A custom clothier sent me this article from The New Yorker, which argues that "menswear" as a fashion trend went mainstream around five years ago. The piece is full of ideas and information, including the fun fact that the actor Antonio Banderas is taking menswear design classes at Central Saint Martins (He wants to reintroduce the cape.). Here are a couple of excerpts:
"These days, although ordinary men still dress in ordinary ways, “menswear”—the Internet-centric, metropolitan, yuppie style—keeps getting riskier. Hardcore menswear enthusiasts have found themselves dressing in costume-like clothes; although they look great in their tweedy sport coats and pocket squares, asymmetrical hoodies and slim-cut jogging pants, and military jackets layered over other, lighter military jackets, they also look like they’re in town for a menswear-themed Comic-Con."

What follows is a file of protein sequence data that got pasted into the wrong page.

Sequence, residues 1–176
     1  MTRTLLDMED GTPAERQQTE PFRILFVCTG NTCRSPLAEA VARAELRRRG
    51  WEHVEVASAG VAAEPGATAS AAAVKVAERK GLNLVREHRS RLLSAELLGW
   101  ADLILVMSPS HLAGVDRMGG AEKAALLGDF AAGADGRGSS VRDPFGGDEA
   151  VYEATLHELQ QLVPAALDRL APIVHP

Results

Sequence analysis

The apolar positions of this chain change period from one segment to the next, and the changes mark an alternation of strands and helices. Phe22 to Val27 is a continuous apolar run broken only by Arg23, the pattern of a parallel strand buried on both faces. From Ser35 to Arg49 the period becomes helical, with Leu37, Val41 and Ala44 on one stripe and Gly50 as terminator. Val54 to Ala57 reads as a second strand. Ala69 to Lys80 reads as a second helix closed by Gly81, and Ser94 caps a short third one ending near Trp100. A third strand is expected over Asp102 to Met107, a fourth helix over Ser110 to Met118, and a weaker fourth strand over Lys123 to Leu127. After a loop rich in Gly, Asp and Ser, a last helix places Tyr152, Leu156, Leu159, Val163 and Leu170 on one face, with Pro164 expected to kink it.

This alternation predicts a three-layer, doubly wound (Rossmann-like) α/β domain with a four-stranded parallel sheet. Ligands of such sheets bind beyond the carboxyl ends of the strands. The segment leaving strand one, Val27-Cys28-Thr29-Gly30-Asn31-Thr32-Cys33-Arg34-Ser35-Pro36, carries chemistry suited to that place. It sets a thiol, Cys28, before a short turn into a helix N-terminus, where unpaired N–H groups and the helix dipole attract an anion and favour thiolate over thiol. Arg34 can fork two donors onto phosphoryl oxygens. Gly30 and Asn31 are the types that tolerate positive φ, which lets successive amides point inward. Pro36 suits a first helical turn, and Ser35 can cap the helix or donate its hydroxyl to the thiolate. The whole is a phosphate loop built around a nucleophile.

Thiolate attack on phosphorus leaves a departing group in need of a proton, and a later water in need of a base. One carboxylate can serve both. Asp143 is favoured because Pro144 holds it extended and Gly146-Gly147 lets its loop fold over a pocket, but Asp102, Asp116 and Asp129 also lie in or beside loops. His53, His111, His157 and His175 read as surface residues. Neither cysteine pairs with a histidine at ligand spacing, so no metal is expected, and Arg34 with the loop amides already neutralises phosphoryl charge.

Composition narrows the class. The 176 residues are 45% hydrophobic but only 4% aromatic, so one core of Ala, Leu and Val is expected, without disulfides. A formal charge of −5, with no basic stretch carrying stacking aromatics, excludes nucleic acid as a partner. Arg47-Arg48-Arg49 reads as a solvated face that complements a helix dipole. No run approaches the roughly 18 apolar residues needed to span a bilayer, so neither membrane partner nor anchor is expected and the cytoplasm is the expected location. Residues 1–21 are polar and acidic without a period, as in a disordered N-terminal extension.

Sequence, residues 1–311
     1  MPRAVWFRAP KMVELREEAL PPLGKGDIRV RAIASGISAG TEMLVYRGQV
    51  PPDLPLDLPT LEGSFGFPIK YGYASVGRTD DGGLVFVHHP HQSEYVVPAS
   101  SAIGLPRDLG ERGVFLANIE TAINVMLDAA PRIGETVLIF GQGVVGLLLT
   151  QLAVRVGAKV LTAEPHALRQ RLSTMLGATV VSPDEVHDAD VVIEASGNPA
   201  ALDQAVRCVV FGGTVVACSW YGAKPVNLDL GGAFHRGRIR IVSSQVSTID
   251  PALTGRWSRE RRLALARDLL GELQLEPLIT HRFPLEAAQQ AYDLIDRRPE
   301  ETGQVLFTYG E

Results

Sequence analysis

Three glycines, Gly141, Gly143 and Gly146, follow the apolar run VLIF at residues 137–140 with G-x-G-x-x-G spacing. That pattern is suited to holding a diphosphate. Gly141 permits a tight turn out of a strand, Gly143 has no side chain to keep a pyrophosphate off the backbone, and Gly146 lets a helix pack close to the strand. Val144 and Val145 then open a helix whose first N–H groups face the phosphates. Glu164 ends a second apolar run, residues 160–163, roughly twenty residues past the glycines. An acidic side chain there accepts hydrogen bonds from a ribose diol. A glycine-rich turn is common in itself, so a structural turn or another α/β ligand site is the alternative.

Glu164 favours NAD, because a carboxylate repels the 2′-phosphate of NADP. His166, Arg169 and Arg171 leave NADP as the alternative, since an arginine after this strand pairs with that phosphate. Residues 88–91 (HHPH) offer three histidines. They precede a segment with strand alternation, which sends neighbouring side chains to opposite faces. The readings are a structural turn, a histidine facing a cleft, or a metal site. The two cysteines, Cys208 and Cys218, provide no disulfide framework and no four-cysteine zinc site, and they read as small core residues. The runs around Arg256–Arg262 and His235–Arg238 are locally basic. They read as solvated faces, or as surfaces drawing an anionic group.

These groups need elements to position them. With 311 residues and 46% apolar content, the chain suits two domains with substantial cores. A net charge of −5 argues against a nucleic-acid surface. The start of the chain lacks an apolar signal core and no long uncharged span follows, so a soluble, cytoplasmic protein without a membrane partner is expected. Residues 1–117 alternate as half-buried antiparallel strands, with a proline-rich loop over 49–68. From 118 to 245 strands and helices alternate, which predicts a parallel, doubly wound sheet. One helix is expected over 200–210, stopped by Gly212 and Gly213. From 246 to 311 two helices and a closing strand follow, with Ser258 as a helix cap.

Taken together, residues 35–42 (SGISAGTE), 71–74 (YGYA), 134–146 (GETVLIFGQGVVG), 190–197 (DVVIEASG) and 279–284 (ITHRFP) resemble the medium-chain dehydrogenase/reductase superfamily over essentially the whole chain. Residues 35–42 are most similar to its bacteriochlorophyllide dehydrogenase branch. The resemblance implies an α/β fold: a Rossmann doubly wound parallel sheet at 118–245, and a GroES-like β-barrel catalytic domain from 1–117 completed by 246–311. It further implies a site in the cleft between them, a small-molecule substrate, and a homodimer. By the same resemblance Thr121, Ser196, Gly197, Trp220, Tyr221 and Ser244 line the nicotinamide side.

"Looking back, it’s obvious that menswear wasn’t just about fashion. In his new book, “True Style,” the fashion writer G. Bruce Boyer, who has an encyclopedic knowledge of the history of men’s clothing, puts today’s menswear culture in historical perspective. The modern male uniform, Boyer writes, has its roots in the “Great Renunciation” of the nineteenth century, when men “gave up silks and satins, embroidered coats and powdered wigs and silver-buckled shoes in favor of woolen suits simply cut and soberly colored.” That movement “away from gorgeousness and toward simplicity” was political: men were adopting a uniform with “ties to liberal democracy.” (Boyer quotes the fashion historian David Kuchta, who writes that modern men seek to communicate “masculine conceptions of industry and frugality” with their clothes.) Women, the thinking goes, have renounced gorgeousness to a lesser degree, because they can still wear beautiful, aristocratic fabrics, like velvet, without apology; men, by contrast, have been forced to “suppress [their] poetic souls and hide [their] light under a bushel of dreary worsted.”